The percentage of a school’s students participating in the federal free- and reduced-price lunch program gives you a general idea of how many students come from low-income families.

The National School Lunch Program reimburses schools for breakfast, lunch, and snacks served to children whose families might not otherwise be able to afford nutritious food. Children from families with incomes at or below 130 percent of the poverty level (currently $27,560 for a family of four) are eligible for free meals. Children from families with incomes at or below 185 percent of the poverty level (currently $39,220 for a family of four) are eligible for discounted meals.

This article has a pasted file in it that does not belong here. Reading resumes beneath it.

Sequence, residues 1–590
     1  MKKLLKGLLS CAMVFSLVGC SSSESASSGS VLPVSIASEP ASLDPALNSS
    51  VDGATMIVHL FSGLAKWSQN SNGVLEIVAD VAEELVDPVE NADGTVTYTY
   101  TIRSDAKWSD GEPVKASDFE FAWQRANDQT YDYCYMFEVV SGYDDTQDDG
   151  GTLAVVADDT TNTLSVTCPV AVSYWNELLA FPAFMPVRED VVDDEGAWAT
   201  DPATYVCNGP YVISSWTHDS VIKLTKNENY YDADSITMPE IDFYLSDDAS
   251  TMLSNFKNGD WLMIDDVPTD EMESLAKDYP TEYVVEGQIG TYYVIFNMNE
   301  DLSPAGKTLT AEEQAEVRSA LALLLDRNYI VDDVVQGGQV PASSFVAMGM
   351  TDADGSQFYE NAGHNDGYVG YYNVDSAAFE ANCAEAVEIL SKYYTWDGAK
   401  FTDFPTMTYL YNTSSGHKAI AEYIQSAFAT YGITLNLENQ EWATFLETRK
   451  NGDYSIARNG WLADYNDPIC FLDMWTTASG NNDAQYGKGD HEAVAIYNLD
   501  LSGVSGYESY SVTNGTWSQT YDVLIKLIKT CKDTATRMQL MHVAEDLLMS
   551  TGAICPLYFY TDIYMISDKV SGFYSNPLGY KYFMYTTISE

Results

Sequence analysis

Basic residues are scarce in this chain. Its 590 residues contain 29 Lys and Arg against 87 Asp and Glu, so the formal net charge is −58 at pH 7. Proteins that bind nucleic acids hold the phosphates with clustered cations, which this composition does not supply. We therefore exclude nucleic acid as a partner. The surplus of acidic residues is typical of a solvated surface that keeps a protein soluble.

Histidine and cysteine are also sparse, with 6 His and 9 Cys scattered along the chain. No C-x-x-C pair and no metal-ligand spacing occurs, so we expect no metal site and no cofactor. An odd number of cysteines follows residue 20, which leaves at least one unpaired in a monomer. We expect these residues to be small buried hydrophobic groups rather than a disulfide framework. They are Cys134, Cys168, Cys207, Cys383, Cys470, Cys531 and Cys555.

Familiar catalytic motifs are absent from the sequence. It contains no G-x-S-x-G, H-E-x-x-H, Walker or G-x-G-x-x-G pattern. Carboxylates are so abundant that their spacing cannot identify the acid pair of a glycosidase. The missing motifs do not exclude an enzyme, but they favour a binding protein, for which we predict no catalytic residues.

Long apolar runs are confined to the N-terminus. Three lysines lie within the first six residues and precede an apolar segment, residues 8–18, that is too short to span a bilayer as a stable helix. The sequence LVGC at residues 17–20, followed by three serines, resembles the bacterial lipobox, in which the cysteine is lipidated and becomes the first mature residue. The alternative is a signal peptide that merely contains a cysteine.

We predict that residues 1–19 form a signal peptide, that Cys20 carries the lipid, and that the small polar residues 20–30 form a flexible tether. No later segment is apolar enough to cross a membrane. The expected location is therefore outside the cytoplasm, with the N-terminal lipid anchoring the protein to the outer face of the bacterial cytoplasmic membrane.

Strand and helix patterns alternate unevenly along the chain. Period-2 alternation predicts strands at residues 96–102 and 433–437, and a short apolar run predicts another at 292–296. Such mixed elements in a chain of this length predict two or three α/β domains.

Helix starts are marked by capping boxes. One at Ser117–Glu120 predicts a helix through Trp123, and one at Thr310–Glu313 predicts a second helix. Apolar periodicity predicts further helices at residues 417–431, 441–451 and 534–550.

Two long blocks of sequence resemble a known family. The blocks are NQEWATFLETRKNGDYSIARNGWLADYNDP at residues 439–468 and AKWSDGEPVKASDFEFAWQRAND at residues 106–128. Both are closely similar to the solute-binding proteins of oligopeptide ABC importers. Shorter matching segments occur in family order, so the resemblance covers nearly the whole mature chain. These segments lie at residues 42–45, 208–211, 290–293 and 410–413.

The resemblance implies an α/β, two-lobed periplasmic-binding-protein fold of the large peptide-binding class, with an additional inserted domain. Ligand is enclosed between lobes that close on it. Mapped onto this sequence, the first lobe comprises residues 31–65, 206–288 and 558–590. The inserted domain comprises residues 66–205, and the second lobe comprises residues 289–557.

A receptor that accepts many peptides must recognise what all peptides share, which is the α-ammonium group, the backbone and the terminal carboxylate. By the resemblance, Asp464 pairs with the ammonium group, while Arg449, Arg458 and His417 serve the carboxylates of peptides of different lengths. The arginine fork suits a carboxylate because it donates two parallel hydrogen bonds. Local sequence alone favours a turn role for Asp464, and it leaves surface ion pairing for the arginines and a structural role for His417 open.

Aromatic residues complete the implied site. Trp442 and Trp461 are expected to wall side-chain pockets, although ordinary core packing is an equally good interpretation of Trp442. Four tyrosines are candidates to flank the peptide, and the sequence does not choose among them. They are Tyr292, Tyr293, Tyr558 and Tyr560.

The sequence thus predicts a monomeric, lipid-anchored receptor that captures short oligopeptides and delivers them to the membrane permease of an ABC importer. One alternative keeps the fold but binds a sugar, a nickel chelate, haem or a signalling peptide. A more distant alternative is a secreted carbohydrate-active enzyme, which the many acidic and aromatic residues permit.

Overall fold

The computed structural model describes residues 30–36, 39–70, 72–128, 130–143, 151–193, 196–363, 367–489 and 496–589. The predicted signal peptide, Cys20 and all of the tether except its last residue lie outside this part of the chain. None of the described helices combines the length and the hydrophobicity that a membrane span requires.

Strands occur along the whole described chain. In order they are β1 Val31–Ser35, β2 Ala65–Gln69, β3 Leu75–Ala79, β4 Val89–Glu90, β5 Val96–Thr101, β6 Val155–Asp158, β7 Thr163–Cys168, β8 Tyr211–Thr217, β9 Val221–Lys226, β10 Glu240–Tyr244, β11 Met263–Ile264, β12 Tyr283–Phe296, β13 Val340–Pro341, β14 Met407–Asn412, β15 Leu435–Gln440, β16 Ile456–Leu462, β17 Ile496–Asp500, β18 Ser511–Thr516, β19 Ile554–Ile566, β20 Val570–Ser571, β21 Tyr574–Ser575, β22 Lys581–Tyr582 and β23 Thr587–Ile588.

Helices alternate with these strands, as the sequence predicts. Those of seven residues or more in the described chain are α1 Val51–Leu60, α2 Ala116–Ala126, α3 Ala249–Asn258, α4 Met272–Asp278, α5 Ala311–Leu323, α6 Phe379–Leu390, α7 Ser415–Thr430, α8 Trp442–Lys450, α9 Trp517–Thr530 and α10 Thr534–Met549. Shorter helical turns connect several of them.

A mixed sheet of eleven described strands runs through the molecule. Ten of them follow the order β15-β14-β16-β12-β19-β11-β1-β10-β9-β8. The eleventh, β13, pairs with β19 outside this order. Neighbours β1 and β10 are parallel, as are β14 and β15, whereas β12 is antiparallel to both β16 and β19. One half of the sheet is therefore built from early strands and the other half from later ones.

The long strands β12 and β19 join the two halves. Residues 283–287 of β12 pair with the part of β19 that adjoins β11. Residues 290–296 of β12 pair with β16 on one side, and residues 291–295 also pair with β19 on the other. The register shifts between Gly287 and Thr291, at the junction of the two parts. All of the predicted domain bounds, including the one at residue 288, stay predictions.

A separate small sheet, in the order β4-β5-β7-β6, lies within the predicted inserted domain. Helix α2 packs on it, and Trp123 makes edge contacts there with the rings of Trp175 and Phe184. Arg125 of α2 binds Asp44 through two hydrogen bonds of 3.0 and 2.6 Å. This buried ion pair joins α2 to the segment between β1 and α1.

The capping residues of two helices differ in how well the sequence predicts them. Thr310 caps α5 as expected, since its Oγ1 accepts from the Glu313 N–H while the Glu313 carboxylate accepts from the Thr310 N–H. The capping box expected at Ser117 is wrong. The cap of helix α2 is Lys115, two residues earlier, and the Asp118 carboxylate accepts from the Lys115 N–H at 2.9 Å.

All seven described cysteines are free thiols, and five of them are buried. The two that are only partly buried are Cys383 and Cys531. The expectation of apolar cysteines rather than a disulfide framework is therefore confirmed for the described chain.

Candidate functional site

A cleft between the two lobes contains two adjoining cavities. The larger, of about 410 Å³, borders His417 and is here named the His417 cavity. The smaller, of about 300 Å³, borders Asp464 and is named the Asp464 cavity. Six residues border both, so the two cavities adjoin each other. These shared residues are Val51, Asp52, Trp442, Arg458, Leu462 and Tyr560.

The goal of the program is to ensure that all students get enough to eat. A child who is hungry is not going to learn in the classroom. Enrollment in the school lunch program is voluntary, and some students who are eligible do not enroll, often because they or their families are embarrassed.

It’s important not to judge a school solely on the percentage of students receiving free or reduced-price lunch. Schools with more kids from low-income families are often innovative and staffed with motivated and caring teachers. And such schools often have active, successful parent groups.

The percentage of kids participating in the National School Lunch Program should be considered just one aspect of a school. Test scores, strength of the parent organization, teachers’ experience, and other indicators are all part of each school’s unique character. Read “How To Choose a New School” for more complete information on finding the right school for your child.